Introduction: Metanephrines (MTNs) are metabolites of catecholamines and are constantly produced in high amounts by pheochromocytomas and paragangliomas (PPGLs). Marked MTN elevations (> 3 times the upper limit of normal [ULN]) are highly suggestive of PPGL. The frequency of marked MTN elevations in non-PPGL hypertensive emergencies (HTNEs) is unknown. Methods: We retrospectively analyzed plasma free metanephrine (PMTN) and 24-h urinary fractionated metanephrine (UMTN) levels in 48 consecutive patients (59.7 ± 15.6 years; 48% female; BMI: 31 ± 9.7 kg/m2) hospitalized for HTNE, defined as systolic blood pressure (SBP) > 180 mmHg or diastolic blood pressure (DBP) > 120 mmHg with end-organ damage. PMTNs were measured in 47 patients, UMTNs were measured in 16 patients, and both PMTNs and UMTNs were measured in 15 patients. Results: PMTN/UMTN levels were not associated with SBP/DBP, comorbidities, end-organ damage, or interfering medications, the exception being that plasma normetanephrines (PNMNs) were significantly associated with comorbidities (Adj. R2 = 0.16; p = 0.04) and interfering medications (Adj. R2 = 0.15; p = 0.03), although with weak correlation. Marked MTN (specifically PNMN) elevations (647, 521, and 453 pg/mL; normal ≤ 148 pg/mL) were noted in only three patients (6%). Discussion: Marked MTN elevations in HTNE are uncommon. Therefore, we recommend against measuring MTN in the setting of an apparent precipitating cause of HTNE to avoid unnecessary testing and imaging. Testing for MTN in HTNE should be pursued only when there is no clear precipitating cause and in cases where there is strong underlying clinical suspicion for PPGL. However, should testing be performed, marked MTN elevations should not be disregarded as being a commonly occurring result of HTNE.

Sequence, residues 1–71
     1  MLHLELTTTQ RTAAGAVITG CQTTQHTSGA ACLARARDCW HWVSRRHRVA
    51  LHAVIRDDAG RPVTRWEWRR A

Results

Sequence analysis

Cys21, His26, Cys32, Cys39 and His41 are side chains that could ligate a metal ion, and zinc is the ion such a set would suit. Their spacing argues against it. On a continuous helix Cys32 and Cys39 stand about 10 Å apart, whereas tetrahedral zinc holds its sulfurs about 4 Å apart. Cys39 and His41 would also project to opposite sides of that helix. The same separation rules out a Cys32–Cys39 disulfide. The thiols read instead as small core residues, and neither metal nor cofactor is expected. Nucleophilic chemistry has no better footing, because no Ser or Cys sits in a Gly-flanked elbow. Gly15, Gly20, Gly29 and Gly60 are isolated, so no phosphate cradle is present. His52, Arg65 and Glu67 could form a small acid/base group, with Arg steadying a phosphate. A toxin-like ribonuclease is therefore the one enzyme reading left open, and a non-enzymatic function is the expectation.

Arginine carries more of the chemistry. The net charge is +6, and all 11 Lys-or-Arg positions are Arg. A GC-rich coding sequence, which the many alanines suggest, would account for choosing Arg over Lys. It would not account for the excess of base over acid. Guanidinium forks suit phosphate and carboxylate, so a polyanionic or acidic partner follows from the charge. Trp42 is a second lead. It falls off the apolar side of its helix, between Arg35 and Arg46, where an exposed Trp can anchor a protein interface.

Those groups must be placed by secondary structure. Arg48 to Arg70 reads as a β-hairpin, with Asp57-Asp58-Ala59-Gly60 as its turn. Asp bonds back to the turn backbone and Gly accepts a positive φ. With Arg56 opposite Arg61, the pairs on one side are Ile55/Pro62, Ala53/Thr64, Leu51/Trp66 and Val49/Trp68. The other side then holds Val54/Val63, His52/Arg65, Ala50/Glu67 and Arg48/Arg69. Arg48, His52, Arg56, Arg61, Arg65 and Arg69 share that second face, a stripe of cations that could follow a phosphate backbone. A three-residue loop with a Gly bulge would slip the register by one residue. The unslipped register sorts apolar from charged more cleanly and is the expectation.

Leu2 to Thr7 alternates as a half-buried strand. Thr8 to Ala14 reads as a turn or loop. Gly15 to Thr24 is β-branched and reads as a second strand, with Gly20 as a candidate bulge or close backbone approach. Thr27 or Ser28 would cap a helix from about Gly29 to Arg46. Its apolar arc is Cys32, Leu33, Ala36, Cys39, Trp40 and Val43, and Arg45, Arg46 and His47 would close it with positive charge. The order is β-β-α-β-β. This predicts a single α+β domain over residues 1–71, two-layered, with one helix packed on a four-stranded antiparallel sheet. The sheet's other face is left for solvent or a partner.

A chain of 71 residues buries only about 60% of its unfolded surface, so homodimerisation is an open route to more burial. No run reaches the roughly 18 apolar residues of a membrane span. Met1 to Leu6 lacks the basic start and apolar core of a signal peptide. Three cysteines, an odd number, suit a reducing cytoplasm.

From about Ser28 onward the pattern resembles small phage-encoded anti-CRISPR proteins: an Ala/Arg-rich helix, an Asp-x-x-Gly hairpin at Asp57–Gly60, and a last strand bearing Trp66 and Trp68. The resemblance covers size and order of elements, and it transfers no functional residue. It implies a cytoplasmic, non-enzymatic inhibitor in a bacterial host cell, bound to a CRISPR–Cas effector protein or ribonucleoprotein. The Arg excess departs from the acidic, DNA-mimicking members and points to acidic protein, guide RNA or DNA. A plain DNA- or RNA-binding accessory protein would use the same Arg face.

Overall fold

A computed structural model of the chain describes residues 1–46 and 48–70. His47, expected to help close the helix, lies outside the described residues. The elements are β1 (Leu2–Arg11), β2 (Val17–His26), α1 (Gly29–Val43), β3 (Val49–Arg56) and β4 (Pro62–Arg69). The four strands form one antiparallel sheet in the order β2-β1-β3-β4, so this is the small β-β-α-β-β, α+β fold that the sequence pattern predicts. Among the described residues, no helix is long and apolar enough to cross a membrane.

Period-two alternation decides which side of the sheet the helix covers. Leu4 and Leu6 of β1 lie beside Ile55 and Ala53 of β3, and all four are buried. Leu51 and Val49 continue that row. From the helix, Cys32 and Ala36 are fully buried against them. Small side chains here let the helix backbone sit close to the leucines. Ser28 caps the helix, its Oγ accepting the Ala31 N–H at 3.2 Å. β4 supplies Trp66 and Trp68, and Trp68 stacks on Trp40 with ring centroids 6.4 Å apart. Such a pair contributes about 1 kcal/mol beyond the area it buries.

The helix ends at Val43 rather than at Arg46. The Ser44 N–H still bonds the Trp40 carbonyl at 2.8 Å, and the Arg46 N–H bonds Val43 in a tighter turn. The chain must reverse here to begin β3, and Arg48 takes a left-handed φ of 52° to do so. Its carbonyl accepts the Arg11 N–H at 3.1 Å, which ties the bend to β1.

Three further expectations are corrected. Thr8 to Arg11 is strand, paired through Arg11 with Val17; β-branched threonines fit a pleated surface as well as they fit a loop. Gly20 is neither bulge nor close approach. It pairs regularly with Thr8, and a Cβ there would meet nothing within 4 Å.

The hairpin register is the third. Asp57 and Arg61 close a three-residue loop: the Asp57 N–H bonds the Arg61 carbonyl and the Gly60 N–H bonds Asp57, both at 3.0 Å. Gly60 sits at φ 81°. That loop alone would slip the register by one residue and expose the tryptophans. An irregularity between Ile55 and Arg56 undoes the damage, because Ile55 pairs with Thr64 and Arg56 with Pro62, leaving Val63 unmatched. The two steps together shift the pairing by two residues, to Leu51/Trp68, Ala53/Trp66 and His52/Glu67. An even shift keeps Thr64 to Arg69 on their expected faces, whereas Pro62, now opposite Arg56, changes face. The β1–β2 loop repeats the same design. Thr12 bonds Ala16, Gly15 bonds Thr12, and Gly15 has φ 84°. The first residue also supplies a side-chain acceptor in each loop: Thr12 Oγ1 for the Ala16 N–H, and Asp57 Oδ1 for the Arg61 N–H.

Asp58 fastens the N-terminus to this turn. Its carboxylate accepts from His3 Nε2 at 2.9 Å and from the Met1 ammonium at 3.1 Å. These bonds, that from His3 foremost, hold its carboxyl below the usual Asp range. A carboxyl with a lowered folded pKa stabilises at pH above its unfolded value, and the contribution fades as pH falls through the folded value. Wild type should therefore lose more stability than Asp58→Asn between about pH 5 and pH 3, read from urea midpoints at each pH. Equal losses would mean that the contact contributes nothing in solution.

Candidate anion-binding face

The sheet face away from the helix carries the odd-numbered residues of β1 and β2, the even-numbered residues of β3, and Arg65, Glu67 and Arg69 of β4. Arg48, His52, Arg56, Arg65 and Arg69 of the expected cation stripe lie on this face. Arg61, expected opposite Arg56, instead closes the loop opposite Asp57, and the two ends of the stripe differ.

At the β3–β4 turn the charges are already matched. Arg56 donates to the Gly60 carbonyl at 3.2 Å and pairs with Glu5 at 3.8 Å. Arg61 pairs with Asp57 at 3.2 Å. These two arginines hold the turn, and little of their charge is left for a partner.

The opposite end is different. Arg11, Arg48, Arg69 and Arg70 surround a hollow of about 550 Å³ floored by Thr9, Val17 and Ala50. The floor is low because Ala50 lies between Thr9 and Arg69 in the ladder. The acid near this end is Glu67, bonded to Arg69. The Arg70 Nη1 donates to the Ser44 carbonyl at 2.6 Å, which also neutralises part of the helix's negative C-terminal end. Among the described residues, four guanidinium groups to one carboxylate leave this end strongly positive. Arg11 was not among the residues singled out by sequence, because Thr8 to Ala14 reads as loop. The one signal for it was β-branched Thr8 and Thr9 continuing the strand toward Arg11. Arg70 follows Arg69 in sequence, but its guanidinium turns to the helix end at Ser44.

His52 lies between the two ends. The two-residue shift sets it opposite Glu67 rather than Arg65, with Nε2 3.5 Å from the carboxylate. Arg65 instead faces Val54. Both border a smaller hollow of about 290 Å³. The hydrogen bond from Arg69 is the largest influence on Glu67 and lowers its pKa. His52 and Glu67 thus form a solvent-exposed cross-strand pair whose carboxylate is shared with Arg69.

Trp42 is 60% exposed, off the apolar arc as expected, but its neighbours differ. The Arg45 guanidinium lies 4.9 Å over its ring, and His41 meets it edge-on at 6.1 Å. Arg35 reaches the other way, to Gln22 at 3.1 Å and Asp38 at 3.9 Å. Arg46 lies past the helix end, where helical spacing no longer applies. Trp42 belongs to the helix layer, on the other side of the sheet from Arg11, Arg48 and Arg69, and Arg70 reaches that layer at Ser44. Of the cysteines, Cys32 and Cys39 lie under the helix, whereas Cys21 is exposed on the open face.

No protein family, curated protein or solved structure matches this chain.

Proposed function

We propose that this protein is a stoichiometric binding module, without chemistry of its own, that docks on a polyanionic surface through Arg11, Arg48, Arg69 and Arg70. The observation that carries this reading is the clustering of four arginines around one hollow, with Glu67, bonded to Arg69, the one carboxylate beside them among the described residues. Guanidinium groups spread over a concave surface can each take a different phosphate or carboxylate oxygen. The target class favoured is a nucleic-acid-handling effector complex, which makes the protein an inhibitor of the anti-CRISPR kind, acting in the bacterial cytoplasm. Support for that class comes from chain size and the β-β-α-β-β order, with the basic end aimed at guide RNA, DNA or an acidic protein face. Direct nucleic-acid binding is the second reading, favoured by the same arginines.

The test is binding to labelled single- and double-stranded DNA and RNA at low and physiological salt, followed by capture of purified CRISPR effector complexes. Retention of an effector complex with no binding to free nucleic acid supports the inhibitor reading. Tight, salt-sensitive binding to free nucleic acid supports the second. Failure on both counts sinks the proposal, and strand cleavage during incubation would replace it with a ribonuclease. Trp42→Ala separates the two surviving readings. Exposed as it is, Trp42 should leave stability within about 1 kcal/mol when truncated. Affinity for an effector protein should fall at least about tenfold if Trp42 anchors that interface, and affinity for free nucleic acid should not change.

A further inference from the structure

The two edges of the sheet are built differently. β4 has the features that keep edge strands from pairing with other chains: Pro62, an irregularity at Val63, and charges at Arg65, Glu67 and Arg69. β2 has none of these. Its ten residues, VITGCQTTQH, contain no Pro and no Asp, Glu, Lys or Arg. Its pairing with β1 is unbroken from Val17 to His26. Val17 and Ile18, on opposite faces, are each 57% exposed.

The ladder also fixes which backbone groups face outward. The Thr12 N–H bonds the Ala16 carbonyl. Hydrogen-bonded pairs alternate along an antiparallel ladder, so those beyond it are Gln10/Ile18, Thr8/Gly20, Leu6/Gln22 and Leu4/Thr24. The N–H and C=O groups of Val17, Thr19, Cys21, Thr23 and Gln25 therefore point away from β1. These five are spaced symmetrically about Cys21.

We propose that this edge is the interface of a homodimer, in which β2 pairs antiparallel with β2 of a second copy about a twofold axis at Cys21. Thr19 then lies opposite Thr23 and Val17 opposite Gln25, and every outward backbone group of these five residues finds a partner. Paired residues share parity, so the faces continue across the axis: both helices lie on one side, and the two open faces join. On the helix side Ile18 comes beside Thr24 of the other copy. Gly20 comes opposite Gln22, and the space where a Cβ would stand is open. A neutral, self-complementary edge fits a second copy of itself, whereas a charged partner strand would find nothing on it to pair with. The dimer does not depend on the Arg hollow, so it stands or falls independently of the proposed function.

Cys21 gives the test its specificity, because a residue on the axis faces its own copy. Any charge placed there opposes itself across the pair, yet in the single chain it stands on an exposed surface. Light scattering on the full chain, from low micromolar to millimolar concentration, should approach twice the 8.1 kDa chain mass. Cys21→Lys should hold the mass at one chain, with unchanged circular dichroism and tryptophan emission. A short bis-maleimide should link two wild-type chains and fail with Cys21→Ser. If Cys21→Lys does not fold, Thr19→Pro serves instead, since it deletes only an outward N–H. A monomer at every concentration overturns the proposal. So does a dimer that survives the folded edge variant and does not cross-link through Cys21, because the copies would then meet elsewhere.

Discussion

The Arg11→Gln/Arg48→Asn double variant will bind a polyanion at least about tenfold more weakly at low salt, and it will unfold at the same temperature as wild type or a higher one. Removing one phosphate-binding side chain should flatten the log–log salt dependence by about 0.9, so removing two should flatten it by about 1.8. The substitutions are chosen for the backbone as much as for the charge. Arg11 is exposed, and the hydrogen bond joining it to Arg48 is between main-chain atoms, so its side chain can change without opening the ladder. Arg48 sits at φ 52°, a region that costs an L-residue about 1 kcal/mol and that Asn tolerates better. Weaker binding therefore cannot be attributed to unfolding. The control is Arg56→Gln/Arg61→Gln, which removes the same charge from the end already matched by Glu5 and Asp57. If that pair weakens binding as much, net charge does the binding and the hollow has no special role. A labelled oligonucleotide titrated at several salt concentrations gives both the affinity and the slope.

- Hypertensive emergency
ASJC Scopus subject areas
- Endocrinology, Diabetes and Metabolism